Editors' Recommendations

Dawn Miller
Dawn Miller began her professional life as an elementary school teacher before returning to her first love, writing. In…
Your questions answered – everything you need to know about baby-led weaning
Guide to this trending solid introduction method
Baby eating solids in a highchair

Feeding your newborn is pretty straightforward. They only need human milk or formula for the first six months of their life to thrive. Once your baby is ready to start trying new foods, things can get a bit more complicated.
Parents shift to making or buying purees as they begin to introduce their little ones to solid foods. Cue caregivers pretending a spoon is an airplane and feeding their little child some version of oatmeal or pureed peas and sweet potatoes. These days, some parents are taking a different approach and introducing solids straight away. It’s known as baby-led weaning.
What is baby-led weaning? The method, developed by former public health nurse Gill Rapley, involves adults giving babies solid foods in their natural form and allowing them baby to self-feed. If a parent makes spaghetti, meatballs, and broccoli for dinner, the baby will eat it, too. Proponents say it respects a baby’s independence and food autonomy and may reduce picky eating.
It can also be a ton of food. Here’s what to know about baby-led weaning.

When do I start baby-led weaning?

Read more
Why do babies growl? Understanding your little one’s weird sounds
We'll help you navigate this little animal stage with your baby
Mom holding her baby up to her face

There is no sweeter sound to a new parent than listening to their baby cooing and babbling. While you're waiting for those first words, those early squeals and giggles are simply delightful. With each sound, your little one is communicating with you even without saying their first official word. But have you ever sworn you've heard your baby sound more like an animal than a human? There are reasons why babies growl sometimes, and parents need the heads up.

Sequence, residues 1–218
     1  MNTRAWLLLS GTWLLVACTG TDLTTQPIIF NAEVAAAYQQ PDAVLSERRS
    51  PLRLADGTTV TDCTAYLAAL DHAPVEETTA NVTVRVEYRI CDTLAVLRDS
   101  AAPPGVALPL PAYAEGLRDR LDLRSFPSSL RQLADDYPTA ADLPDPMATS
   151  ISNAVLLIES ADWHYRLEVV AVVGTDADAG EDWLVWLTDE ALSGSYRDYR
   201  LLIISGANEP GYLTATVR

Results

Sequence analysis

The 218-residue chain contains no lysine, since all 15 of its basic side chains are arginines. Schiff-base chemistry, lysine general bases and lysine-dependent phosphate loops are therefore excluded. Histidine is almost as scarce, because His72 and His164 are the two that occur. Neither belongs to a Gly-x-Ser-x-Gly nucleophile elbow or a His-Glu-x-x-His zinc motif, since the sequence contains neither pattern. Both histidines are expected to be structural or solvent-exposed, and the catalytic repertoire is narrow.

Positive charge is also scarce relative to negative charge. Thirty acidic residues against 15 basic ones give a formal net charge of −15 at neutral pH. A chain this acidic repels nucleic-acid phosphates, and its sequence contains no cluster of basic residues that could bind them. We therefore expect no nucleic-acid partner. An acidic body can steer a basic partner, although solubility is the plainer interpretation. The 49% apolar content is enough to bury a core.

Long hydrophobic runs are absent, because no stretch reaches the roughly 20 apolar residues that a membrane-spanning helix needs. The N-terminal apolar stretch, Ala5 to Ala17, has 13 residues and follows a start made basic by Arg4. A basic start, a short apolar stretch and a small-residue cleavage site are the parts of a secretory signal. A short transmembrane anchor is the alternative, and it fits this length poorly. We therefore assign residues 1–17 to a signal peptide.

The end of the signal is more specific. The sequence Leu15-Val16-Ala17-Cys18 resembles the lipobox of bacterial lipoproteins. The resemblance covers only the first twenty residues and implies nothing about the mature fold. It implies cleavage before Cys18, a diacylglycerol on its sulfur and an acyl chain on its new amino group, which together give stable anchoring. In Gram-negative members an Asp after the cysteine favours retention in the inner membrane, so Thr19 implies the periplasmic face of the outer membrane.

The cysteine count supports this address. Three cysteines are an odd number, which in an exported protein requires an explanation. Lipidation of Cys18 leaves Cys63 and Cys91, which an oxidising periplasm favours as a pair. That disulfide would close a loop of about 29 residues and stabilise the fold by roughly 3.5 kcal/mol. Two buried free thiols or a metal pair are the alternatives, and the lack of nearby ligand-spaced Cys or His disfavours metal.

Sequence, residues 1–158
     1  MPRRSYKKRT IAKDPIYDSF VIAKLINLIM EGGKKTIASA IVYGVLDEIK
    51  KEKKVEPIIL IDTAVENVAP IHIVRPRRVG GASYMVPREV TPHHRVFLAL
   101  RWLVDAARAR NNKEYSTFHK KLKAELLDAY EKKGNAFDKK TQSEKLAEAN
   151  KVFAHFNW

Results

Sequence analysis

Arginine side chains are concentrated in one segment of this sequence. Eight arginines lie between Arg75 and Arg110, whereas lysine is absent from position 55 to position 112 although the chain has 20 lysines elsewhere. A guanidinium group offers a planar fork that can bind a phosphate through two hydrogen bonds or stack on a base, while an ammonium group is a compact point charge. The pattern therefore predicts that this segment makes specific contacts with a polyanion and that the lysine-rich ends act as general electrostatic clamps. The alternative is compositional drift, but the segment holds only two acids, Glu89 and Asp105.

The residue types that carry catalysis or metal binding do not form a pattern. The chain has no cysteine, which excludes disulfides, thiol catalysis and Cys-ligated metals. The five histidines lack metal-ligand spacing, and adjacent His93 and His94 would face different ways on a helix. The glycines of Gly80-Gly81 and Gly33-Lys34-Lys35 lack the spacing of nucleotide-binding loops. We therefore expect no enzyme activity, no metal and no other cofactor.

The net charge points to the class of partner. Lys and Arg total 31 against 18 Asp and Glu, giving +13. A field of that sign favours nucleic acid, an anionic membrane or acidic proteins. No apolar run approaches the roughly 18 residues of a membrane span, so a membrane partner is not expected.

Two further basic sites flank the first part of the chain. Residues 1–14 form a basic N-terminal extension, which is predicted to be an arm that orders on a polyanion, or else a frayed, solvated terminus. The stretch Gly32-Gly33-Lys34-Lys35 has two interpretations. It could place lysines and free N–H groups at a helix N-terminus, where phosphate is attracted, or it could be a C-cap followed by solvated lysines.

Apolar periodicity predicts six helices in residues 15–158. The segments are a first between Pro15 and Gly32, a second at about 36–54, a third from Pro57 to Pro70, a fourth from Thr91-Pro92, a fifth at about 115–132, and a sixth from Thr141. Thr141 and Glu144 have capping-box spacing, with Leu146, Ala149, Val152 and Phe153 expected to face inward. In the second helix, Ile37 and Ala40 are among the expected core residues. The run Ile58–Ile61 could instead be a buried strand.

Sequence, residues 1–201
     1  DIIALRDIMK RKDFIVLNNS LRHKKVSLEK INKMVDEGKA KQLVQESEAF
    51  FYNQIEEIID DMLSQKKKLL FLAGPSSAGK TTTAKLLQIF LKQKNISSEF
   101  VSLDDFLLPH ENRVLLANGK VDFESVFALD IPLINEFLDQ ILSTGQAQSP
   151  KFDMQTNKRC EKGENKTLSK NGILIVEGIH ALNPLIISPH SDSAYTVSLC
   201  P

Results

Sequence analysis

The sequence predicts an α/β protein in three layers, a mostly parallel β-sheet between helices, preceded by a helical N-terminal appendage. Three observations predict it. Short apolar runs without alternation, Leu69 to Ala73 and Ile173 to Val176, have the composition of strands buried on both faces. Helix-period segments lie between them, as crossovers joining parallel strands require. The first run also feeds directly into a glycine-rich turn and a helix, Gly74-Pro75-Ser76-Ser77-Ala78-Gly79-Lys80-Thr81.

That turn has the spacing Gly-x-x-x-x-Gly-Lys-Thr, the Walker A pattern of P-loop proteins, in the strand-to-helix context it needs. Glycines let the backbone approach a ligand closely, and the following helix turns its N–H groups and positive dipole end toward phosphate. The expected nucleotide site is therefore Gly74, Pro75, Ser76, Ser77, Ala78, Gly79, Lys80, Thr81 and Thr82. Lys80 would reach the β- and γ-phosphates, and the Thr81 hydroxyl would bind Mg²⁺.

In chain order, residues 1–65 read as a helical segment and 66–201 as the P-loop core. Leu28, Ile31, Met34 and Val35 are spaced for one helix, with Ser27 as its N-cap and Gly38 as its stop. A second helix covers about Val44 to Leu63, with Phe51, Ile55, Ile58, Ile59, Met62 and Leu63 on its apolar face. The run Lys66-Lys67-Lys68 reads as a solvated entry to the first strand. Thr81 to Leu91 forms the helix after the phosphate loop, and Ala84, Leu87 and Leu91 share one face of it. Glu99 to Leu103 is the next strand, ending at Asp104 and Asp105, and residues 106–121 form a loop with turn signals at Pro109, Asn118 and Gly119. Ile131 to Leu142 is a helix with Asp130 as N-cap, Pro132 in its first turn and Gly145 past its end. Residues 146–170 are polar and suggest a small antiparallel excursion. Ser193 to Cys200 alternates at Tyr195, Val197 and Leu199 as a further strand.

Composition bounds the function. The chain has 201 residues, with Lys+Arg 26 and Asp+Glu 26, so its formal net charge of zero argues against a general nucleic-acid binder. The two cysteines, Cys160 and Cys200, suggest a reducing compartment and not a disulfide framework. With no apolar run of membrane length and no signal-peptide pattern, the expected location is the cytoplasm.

If your baby has added growling to their language skills, you may be wondering why they chose to sound more feral than human. Turns out, it all depends on when and how they growl. Even though it might be unusual, it is pretty adorable to witness. Here’s how to decode why babies growl and what those noises mean.
Deciphering your baby's new sounds

Read more
Are baby walkers safe? 5 dangerous reasons you shouldn’t add one to your registry
Learn why baby walkers may be unsafe
Infant in baby walker

Baby walkers used to be a popular gift and toy, but their popularity has shifted over the years and studies have found they can be quite unsafe. This can be disappointing for some parents looking to give their little ones a bit of independence while also allowing them to be hands free.

Even though you may have used a baby walker as a child yourself, in this day and age, there is quite a bit of information about just how hazardous baby walkers can be. If you're considering getting a baby walker, adding one to your registry, or if you already have one in your home, keep reading before you pop your toddler in.
Are baby walkers safe?

Read more